LSTM’s Professor Russell Stothard is senior author on a new paper in which researchers from the UK and Malawi have described the unusual occurrence of novel schistosome hybrids infecting children along the Shire River Valley.
The findings, published in the journal Emerging Infectious Diseases, are particularly important because they show that these human schistosomes have the potential for abrupt changes in their genetic constitution through genetic interactions with schistosomes in livestock. Its consequences alter the basic biology of the schistosome considerably, confounding perhaps current control strategies aimed exclusively at people.
Urogenital schistosomiasis was typically considered to be caused by Schistosoma haematobium alone. Recent work in West Africa, however, has shown that schistosomes usually found in cattle, such as Schistosoma bovis, interact and introgress their genes with S. haematobium. Such hybrid schistosomes have been shown in animal models to change significantly in their ability to cause infection and disease, for example, through increased production of eggs and enabling the schistosome to utilise a wider range of intermediate snail host species. This can increase its geographical range of endemic transmission.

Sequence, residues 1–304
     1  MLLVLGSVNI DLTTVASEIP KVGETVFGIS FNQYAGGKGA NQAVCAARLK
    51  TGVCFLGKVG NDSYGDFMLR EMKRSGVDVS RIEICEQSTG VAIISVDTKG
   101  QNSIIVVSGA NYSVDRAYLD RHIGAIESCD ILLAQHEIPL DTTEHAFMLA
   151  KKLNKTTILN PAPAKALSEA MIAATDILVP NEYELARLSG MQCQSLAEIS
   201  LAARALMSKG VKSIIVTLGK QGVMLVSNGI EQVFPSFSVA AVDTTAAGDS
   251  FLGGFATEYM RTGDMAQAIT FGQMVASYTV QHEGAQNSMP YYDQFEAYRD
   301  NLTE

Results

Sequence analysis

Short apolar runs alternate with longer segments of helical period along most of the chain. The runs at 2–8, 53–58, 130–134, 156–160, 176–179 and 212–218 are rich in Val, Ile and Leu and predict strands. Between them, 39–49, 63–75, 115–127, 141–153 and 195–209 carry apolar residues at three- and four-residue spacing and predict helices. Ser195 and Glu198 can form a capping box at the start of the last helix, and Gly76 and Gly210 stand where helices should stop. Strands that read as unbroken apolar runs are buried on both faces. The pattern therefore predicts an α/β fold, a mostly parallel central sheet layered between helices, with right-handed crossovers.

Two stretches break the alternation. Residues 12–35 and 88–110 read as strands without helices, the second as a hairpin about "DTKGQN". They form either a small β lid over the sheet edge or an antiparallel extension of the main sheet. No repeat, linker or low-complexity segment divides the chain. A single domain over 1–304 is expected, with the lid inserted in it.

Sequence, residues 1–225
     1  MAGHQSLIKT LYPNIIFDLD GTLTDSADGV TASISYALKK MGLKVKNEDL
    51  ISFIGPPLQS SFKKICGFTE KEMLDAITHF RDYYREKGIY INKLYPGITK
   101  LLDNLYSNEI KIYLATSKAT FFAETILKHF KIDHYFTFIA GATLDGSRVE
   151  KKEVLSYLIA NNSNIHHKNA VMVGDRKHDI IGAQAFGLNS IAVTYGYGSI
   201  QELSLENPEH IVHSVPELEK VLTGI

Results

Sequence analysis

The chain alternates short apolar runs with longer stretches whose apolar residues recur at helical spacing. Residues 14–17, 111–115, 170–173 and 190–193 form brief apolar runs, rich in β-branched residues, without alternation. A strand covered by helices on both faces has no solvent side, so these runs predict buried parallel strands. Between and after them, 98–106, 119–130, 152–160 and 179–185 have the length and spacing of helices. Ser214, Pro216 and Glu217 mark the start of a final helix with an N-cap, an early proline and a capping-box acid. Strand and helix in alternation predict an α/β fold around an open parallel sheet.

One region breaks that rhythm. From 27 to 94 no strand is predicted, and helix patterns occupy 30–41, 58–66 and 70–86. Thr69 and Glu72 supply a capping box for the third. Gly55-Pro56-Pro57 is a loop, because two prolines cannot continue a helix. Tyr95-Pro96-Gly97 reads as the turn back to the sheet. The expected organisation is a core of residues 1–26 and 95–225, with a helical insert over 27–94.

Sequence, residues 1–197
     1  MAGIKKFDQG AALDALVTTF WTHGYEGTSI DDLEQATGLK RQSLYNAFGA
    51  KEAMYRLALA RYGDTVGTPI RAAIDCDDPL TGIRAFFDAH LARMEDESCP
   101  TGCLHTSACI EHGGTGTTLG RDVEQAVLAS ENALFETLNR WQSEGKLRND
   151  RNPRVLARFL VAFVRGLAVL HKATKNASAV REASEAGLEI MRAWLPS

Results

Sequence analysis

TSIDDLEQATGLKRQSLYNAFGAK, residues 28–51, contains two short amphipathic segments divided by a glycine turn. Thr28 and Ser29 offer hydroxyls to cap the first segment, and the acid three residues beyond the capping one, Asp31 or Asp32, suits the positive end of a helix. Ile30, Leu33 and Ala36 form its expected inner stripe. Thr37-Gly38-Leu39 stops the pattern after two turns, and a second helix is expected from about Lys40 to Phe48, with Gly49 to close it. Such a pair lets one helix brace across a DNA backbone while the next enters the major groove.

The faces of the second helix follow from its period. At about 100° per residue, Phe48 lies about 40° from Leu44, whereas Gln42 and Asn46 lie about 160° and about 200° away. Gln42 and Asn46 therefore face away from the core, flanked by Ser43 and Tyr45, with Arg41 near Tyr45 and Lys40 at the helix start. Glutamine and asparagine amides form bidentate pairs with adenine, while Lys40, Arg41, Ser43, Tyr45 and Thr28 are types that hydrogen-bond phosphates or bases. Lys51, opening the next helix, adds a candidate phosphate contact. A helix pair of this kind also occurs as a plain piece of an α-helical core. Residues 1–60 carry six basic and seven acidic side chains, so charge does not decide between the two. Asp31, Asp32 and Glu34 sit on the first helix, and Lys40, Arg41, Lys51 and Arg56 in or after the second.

Lead author Dr Bonnie Webster from the Natural History Museum, who has a longstanding collaboration with LSTM’s Professor Stothard, said: “Due to advanced molecular methods, hybridisation between animal and human schistosome species is being frequently reported in West Africa but our data presented here, a first from Central Africa, demonstrate its wider nature across continental Africa.”
Professor Stothard, who has been working in Malawi since joining the LSTM in 2011, stated that: “We now need to conduct more in-depth molecular analyses and whole genome studies on these hybrid forms to investigate all possible inter-species combinations.” Taken as a whole, a new appraisal of urogenital schistosomiasis in Malawi is warranted which should adopt a OneHealth approach that brings veterinary and medical perspectives into a closer union.
As increasing livestock production through expanded cattle husbandry is a growing endeavour in Malawi, it may have more cryptic consequences upon human disease. Professor Stothard concluded: “With greater scrutiny of populations of S. haematobium, I foresee that urogenital schistosomiasis across Africa will have even stronger connections with zoonotic potential than previously imagined.”
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